No Forgetting This Fortnight: Wimbledon 2013 in Review
This sequel to an article on the Wimbledon champions and finalists looks at some of the other stars, disappointments, and surprises from the last two weeks. No grades this time, just thoughts on the oddest major in recent memory.
Juan Martin Del Potro: The Tower of Tandil sometimes resembles Sisyphus from Greek mythology, pushing a boulder to the edge of the mountaintop before it rolls back to the bottom. Del Potro came closer to the mountaintop at Wimbledon than he had at any other major since 2009, when he won the US Open. Never before had he reached the Wimbledon quarterfinals, but this year he plowed to the brink of the final. Del Potro did not lose a set until his semifinal against world No. 1 Novak Djokovic, defeating post-tournament No. 3 David Ferrer in the previous round. He sustained a ferocious barrage of shot-making against Djokovic for more than four and a half hours, including a 120-mph forehand. It came to naught in the end, the Serb grinding him into submission with one punishing rally after another. But the resilient effort in this loss marked a Del Potro-size step forward toward relevance at majors, despite a knee injury. Once it heals, Del Potro should find himself among the three or four leading contenders at the US Open.
Kirsten Flipkens: Versatility and subtlety still can thrive in the WTA. Among the tournament’s more compelling stories was the semifinal run launched by Flipkens, just a year after blood clots threatened her career. She could not even play the qualifying at Wimbledon in 2012, but she defeated former champion Petra Kvitova in a dramatic quarterfinal. Through her first four rounds, Flipkens did not lose a set as her backhand slices, well-placed serves, and keen instincts in the forecourt kept opponents off balance. Her talents do not explode off the screen, like those of a more powerful shot-maker, but this heir to Kim Clijsters and Justine Henin provides much to beguile the mind. With a top-15 ranking after the tournament, her draws will grow more advantageous and her exposure more widespread.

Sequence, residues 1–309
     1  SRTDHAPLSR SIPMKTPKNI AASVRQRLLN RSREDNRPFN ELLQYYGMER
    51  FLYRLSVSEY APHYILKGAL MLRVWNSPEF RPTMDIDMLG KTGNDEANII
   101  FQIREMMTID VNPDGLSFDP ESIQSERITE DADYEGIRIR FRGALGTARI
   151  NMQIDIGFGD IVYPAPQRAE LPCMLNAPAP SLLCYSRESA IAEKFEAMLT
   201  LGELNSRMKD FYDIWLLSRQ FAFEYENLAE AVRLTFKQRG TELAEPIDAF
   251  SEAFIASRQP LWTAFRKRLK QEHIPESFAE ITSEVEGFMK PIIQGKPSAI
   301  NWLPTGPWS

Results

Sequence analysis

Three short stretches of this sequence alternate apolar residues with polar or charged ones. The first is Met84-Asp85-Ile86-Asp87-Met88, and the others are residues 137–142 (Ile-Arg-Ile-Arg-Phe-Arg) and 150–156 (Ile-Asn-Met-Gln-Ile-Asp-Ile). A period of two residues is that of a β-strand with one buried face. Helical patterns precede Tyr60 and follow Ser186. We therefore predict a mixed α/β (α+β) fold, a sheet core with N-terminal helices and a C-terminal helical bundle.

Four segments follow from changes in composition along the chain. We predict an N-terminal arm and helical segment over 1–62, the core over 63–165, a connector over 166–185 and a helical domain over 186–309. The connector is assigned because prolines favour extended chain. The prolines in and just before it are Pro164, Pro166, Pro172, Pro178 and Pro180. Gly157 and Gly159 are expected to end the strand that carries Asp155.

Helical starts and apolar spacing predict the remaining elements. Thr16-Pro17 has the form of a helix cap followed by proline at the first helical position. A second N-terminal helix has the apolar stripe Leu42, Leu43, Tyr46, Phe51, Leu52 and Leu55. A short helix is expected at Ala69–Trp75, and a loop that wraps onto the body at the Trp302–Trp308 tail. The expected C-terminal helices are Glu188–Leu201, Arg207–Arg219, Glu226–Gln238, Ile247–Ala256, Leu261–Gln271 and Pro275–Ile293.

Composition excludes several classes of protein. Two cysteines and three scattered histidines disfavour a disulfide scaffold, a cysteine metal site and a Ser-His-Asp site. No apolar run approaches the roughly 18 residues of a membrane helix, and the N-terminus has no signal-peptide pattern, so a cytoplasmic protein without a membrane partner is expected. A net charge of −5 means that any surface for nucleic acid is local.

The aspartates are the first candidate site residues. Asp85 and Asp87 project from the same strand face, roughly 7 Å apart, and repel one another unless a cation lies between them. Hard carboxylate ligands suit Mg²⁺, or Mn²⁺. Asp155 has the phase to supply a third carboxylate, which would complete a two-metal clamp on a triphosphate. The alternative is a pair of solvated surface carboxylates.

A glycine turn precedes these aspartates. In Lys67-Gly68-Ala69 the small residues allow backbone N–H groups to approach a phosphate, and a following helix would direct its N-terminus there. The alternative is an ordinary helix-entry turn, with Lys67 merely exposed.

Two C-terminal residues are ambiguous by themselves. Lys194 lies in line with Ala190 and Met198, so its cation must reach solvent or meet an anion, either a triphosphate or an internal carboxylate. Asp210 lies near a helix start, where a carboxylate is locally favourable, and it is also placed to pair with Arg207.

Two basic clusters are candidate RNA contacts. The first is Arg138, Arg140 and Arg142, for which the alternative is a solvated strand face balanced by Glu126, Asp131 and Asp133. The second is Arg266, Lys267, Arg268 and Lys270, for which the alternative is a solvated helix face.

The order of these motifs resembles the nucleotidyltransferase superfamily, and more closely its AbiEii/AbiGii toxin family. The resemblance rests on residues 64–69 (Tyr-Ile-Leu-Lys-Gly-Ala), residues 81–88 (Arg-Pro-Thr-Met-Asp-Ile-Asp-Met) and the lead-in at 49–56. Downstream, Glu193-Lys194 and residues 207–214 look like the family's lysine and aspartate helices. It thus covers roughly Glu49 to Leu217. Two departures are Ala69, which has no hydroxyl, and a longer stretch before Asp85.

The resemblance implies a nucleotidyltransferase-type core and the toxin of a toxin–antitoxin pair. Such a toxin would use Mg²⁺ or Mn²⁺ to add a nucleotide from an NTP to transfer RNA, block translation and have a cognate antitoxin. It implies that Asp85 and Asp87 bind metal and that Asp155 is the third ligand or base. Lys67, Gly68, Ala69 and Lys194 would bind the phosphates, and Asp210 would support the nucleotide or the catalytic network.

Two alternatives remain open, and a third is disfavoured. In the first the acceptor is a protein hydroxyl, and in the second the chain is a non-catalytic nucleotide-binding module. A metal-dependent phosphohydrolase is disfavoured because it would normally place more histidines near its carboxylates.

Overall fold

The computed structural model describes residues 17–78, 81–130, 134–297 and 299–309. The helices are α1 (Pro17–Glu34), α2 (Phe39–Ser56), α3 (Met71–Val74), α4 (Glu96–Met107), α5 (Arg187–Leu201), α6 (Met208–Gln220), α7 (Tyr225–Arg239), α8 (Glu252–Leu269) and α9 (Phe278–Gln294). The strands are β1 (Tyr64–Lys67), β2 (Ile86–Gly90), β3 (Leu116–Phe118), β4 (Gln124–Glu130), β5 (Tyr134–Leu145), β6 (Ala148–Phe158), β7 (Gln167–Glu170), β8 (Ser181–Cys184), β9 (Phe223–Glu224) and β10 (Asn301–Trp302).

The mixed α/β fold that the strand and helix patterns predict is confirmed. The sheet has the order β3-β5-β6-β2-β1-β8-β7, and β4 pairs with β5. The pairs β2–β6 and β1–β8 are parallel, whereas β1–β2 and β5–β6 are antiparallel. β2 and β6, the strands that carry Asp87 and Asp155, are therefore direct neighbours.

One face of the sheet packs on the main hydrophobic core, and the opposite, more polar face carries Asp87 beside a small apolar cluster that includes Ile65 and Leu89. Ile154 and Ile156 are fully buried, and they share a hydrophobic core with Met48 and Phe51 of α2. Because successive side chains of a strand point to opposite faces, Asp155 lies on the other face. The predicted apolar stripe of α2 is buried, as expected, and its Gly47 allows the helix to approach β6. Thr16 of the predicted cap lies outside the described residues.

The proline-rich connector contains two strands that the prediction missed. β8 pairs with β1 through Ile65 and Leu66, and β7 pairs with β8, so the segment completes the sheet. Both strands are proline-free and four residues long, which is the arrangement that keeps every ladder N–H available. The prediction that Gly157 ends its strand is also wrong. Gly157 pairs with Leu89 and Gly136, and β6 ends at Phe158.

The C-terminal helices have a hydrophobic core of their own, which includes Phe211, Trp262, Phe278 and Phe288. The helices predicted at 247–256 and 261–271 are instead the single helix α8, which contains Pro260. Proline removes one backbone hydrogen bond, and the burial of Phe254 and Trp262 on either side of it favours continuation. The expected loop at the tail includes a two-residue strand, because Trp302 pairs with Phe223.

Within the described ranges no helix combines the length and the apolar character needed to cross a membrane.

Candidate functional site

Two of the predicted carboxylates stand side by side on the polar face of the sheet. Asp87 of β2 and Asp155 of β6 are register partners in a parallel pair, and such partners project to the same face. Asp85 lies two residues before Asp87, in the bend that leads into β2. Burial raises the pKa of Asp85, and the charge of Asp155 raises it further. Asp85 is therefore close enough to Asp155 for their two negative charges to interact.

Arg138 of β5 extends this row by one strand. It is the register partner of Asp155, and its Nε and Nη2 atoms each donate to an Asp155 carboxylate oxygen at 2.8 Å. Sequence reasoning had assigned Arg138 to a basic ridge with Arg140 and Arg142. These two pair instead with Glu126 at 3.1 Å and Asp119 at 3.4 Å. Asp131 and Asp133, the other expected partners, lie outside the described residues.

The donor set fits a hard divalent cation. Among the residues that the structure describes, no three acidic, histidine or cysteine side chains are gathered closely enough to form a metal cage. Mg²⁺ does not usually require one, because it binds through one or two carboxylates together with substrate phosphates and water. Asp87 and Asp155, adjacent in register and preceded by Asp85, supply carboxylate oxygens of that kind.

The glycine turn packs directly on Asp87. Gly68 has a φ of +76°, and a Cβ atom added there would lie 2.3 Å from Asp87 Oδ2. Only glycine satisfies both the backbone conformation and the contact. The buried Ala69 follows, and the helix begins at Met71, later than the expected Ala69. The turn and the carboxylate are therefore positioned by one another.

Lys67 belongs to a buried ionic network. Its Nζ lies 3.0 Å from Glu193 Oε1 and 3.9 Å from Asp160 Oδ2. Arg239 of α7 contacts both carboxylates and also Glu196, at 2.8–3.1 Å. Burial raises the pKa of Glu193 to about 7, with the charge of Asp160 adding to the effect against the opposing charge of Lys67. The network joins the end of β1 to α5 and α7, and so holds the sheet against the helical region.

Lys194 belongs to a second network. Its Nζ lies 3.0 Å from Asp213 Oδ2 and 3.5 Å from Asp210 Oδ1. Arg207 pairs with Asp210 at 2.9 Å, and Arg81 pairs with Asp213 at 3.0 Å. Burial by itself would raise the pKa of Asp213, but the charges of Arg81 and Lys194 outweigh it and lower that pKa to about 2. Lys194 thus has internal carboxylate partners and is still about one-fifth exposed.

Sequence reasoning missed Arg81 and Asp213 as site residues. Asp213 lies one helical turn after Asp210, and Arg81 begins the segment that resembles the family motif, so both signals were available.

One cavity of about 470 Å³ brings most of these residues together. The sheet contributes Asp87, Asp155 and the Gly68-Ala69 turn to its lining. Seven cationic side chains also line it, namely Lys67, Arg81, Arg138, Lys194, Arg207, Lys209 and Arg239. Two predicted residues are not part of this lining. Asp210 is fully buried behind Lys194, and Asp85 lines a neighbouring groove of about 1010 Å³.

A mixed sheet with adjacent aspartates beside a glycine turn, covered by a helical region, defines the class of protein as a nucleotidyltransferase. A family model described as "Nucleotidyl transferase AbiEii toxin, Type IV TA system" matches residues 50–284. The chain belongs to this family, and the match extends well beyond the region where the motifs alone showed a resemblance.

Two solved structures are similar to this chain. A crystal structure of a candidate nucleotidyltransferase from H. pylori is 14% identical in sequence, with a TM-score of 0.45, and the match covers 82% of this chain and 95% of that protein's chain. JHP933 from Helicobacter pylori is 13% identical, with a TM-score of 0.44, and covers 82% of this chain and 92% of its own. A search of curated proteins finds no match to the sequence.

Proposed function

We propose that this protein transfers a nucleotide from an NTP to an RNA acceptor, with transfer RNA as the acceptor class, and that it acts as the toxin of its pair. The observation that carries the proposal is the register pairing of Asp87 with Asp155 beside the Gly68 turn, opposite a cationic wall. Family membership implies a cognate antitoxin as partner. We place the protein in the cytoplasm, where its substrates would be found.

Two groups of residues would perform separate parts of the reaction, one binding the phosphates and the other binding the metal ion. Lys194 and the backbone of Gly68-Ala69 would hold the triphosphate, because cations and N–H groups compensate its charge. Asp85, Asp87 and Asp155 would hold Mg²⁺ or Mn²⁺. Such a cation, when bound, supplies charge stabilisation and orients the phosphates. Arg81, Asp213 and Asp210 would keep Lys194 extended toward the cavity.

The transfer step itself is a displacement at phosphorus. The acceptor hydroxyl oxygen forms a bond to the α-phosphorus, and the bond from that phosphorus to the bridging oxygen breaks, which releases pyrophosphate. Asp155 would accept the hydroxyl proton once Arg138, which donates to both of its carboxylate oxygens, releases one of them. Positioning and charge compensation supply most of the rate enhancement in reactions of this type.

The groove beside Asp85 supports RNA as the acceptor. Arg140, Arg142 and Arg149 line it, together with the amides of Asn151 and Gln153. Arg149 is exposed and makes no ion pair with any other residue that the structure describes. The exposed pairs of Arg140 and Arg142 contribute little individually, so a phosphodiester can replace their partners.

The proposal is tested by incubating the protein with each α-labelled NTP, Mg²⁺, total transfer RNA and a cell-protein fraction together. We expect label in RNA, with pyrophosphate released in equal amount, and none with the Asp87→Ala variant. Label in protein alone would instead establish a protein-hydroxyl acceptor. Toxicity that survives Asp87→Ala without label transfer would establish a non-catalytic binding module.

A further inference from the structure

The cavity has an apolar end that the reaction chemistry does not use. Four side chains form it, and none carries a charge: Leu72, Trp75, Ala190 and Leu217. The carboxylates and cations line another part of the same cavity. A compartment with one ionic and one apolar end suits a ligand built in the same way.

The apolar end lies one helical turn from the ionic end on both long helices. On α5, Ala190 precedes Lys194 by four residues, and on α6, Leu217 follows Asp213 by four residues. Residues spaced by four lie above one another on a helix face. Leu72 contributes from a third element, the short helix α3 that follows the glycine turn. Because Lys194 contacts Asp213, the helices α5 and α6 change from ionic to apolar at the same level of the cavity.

Agnieszka Radwanska: This will sound harsh about a major semifinalist, but this is the truth. Radwanska blew the sort of golden opportunity to win a major that may not return for a long time, if ever. As the only top-ten woman in the final four of her best major, she should have dashed through the door opened by the draw’s implosion. Armed with a 7-0 career record against Bartoli, Radwanska would have entered the final as a heavy favorite. But she could not close out Lisicki after leading 3-0 in the third set and twice edging within two points of victory. Radwanska offered the tersest of handshakes before stalking off Centre Court in understandable pique. Retaining her top-four status with a victory over Li Na must have seemed scant consolation.
Polish men: In the quarter that contained Roger Federer and Rafael Nadal, two Poles defied the odds to reach the final eight. Lukas Kubot and Jerzy Janowicz traded shirts after their history-making quarterfinal, which sent Janowicz into the top 20 and into his first major semifinal. This fiery young giant, who stands at 6’8”, threw everything that he had at Murray with impressive zeal—and not without success. Their tightly contested four-setter suggested that Janowicz may go further faster than many of the ATP’s rising stars. Rising to the occasion on a grand stage, he hammered 30 aces in an upset of Nicolas Almagro on Centre Court earlier in the tournament. Even with his lesser result, meanwhile, Kubot soared from outside the top 100 to No. 62.